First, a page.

- Feelings of emotional distress or bereavement if the transplant recipient experiences any recurrent disease or in the event of the transplant recipient’s death
- Potential impact of donation on the kidney donor’s lifestyle
Potential Financial Risks
- Personal expenses of travel, housing, child care costs and lost wages related to live kidney donation might not be reimbursed
- Need for life-long follow-up at the donor’s expense
- Loss of employment or income
- Negative impact on the ability to obtain future employment
- Negative impact on the ability to obtain, maintain, or afford health, disability, and life insurance
- Future health problems experienced by living donors following donation may not be covered by the recipient’s insurance
Health and Life Insurance
After organ donation, health insurance companies might consider that you have a pre-existing condition, and might refuse payment for medical care, treatments or procedures. After the surgery, your health insurance and life insurance premiums may increase and remain higher. In the future, insurance companies might refuse to insure you.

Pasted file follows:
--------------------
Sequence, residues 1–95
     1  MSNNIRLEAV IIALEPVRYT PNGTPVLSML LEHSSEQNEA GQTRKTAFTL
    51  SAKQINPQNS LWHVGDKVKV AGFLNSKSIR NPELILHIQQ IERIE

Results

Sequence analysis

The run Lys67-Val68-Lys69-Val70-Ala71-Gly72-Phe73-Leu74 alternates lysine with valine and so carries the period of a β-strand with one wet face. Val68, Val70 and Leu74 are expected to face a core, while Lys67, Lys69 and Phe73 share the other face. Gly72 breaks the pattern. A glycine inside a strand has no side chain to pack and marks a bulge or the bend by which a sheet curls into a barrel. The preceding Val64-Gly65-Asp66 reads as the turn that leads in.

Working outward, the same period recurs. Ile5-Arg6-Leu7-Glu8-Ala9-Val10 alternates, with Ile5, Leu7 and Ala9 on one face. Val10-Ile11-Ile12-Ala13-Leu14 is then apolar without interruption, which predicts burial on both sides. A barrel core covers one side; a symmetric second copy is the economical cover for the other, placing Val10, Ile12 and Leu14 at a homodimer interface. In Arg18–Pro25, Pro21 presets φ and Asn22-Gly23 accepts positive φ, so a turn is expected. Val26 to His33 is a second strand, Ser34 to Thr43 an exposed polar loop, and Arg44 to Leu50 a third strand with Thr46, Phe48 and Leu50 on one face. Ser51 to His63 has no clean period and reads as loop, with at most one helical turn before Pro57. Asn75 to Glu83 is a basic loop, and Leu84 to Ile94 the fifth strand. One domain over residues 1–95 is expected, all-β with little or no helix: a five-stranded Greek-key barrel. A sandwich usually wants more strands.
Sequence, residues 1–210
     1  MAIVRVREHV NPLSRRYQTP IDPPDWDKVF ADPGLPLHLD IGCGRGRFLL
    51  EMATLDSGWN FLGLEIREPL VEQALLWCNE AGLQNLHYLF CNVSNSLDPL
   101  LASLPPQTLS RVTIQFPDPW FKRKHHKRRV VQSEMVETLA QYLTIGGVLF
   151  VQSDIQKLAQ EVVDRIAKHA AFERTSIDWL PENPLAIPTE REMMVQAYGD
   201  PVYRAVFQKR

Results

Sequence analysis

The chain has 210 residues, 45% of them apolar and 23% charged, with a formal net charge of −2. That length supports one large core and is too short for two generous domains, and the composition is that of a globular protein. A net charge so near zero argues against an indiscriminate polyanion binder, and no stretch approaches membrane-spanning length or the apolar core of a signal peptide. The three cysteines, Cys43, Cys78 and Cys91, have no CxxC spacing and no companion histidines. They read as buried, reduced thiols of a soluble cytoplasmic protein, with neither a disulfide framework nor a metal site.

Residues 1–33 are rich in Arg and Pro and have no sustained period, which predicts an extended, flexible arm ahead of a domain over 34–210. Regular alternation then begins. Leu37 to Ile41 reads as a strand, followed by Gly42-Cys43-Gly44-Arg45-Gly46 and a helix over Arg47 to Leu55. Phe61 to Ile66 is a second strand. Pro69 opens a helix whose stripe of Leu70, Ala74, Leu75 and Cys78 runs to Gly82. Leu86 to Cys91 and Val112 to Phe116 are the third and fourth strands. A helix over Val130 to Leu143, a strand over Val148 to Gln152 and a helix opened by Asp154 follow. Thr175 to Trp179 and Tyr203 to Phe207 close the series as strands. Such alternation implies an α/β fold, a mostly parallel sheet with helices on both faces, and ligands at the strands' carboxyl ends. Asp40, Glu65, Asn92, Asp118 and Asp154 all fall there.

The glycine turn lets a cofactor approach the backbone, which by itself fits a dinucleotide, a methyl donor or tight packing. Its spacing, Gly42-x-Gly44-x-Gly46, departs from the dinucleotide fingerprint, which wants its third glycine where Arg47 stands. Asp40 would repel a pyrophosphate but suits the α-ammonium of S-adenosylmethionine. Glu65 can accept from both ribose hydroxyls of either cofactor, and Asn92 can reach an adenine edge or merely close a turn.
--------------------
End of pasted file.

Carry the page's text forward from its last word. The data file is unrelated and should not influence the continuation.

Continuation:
Right to Opt-Out of the Donation Process
You do not have to participate as a living kidney donor.
If you decide to participate, you may change your mind at any time, including the day of your scheduled surgery. If you change your mind, simply notify any member of the Living Kidney Donor Team or Kidney Transplant Team. If you change your mind about participating, your decision and reasons are kept confidential.
Communication between the donor and the Transplant Center’s Living Donor office will remain confidential. Only information crucial to assuring the safe donation/transplantation of the organ will be shared with the corresponding teams.
Please note: You will be asked to sign a consent form acknowledging that you have received this document and stating that you agree to proceed with the evaluation process at your first appointment.